Gyasi Ross is first and foremost a father, an uncle, and a big brother. Professionally, he is an essayist and writer, poet, speaker and lawyer. Through a life of service, listening and living within Native communities, Gyasi profoundly understands the needs of his people and has dedicated his life to forging change within his communities. Whether taking a more nuanced perspective on the Redskins controversy, encouraging self-worth in the community or defending the civil rights of those who can’t fight for themselves, part of Gyasi’s mission is raising the profile of the reservation populace, often viewed with ignorance as a shadowy world, as well as instilling a sense of pride amongst the people.
“My point in everything is helping my community and the various populations therein to influence the systems that affect them. My goal in life is about mentorship, about figuring out how to instruct others to fulfill their purpose and understand the sense of self-awareness and application of spirituality to everyday life. To understand that we are worthwhile: economically, politically, educationally, and spiritually. We have a lot to offer.”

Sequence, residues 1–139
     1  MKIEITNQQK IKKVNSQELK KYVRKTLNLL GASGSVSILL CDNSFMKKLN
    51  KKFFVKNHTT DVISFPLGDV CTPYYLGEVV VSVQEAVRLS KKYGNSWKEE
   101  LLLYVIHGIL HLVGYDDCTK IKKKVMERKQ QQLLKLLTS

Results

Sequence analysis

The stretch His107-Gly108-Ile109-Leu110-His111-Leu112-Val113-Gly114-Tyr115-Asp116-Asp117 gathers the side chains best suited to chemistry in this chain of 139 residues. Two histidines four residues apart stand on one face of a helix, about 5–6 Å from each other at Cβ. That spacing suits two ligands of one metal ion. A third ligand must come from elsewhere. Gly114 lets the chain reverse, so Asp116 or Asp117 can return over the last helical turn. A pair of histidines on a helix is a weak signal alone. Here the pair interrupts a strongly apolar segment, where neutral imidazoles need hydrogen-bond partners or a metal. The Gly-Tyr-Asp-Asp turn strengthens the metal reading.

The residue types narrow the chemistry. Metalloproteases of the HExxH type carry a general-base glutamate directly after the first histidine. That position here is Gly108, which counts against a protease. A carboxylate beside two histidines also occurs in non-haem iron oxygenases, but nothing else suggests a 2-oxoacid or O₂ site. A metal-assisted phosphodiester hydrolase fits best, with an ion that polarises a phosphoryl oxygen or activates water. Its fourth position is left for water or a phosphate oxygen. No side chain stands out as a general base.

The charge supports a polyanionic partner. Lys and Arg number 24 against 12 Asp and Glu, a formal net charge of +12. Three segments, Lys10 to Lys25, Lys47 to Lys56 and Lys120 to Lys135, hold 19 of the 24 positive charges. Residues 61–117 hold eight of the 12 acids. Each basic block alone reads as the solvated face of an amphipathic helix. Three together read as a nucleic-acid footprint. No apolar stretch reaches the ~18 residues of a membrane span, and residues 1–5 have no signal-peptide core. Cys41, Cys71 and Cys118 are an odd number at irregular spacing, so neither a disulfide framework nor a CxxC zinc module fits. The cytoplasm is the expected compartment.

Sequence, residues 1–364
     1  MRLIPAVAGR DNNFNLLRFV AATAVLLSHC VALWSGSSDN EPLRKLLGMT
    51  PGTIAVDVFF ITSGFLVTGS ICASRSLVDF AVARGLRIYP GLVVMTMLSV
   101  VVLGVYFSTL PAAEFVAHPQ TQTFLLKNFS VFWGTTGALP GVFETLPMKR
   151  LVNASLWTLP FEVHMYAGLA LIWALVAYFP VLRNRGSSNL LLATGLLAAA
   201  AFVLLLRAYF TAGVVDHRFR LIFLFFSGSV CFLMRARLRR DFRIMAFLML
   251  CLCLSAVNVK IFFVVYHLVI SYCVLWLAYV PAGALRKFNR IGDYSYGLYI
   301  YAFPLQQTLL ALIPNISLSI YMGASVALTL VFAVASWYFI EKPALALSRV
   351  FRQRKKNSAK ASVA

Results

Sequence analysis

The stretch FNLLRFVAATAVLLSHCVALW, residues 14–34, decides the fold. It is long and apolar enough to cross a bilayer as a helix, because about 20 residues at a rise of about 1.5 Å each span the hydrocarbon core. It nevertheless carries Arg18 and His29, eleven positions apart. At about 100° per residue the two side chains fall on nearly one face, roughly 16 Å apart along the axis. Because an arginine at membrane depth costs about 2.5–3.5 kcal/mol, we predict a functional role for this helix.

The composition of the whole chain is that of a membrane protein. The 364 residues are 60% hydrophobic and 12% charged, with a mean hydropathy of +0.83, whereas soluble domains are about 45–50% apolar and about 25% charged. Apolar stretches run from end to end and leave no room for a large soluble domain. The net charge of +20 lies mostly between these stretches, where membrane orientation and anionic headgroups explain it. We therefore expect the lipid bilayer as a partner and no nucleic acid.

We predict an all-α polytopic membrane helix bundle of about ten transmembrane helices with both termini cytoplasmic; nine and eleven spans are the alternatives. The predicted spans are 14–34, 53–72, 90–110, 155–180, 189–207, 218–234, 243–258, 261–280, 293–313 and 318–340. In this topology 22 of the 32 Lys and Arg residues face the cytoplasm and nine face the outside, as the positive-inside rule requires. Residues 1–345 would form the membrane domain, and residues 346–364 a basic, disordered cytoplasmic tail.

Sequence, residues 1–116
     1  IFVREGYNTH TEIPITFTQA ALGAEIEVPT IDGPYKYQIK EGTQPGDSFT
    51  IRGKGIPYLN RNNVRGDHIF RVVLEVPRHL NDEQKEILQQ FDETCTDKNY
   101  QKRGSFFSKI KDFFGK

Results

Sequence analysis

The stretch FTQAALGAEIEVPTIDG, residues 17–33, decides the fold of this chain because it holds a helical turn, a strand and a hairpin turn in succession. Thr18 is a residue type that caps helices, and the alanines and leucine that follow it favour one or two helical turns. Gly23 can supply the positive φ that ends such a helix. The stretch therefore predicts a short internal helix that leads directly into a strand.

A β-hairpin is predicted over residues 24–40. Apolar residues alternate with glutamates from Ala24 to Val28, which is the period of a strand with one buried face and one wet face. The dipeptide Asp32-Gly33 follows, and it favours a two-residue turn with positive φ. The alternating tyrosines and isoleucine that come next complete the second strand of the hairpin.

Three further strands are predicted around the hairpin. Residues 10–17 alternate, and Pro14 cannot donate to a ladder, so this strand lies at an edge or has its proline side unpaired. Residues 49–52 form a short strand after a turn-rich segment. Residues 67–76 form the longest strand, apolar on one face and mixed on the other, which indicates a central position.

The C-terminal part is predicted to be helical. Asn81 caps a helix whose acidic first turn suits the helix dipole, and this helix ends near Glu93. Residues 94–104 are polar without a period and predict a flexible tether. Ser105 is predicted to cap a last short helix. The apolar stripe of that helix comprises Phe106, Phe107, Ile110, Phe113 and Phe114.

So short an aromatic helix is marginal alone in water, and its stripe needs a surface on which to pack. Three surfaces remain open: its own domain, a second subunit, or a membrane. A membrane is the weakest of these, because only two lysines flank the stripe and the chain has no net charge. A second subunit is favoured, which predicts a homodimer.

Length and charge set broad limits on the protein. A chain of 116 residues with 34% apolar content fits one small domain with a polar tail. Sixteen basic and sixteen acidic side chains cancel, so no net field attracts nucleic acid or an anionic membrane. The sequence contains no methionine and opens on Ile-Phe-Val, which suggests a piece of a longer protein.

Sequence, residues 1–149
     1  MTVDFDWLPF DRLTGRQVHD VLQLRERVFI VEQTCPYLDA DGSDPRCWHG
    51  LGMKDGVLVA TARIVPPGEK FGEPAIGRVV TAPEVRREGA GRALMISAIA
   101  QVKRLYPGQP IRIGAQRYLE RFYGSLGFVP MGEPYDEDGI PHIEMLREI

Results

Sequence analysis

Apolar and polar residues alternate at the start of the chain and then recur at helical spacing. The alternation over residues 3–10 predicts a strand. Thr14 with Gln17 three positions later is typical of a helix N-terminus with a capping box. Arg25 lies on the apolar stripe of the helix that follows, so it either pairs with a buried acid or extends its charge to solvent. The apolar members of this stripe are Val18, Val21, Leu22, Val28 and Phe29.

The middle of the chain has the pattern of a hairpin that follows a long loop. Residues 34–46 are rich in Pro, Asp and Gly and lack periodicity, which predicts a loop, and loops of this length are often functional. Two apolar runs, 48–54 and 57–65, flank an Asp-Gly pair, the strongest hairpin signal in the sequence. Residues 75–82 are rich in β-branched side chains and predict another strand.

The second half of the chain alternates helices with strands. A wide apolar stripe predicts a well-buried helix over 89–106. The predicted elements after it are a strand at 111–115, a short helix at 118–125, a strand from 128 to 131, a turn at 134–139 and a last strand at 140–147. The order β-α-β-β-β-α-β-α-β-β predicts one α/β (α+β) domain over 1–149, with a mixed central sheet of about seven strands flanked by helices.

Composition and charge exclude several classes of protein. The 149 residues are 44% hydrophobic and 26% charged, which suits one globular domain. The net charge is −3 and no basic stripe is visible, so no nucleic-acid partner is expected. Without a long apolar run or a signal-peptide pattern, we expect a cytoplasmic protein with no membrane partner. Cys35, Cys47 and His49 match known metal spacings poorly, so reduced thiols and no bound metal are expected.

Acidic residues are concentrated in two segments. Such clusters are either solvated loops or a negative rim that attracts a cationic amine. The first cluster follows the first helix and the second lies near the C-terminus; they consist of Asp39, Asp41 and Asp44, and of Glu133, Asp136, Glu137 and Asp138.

Ross, who has written for Huffington Post, Indian Country Today, Deadspin and Gawker, as well as appeared on various talk shows and news programs, confesses that although he wasn’t always the best student when he was younger, he was still a smart kid. “I was seen as very intelligent, but underachieving,” Ross recalls. “My family just didn’t have a history or legacy of educational attainment, so I wasn’t really concerned with trying to get good grades or what I was going to do after high school.” Yet, despite his early educational struggles (he attended six colleges, including two tribal colleges, before graduating from Columbia Law School), Gyasi continued in the family business of working within the community and telling his people’s stories.
Gyasi released his second book, How to Say I Love You in Indian, in early 2014. “I come from a family of storytellers. My family tells long stories, drinking coffee and blowing smoke in your face. It just fit for me to tell stories, and then I started writing them. My standard for writing stories is, if I can’t explain it to my niece or nephew, or my grandpa who dropped out of school then I need to understand this topic better. People have a love affair with over-academicizing things.”
Working relentlessly, traveling constantly and always believing in his mission, Ross isn’t looking for praise or accolades, he just wants for things to be right with the complex world of the Indian nations. “Gratification is internal and I’m comfortable with that,” Ross says, “I’m just trying to figure out how to help my folks.”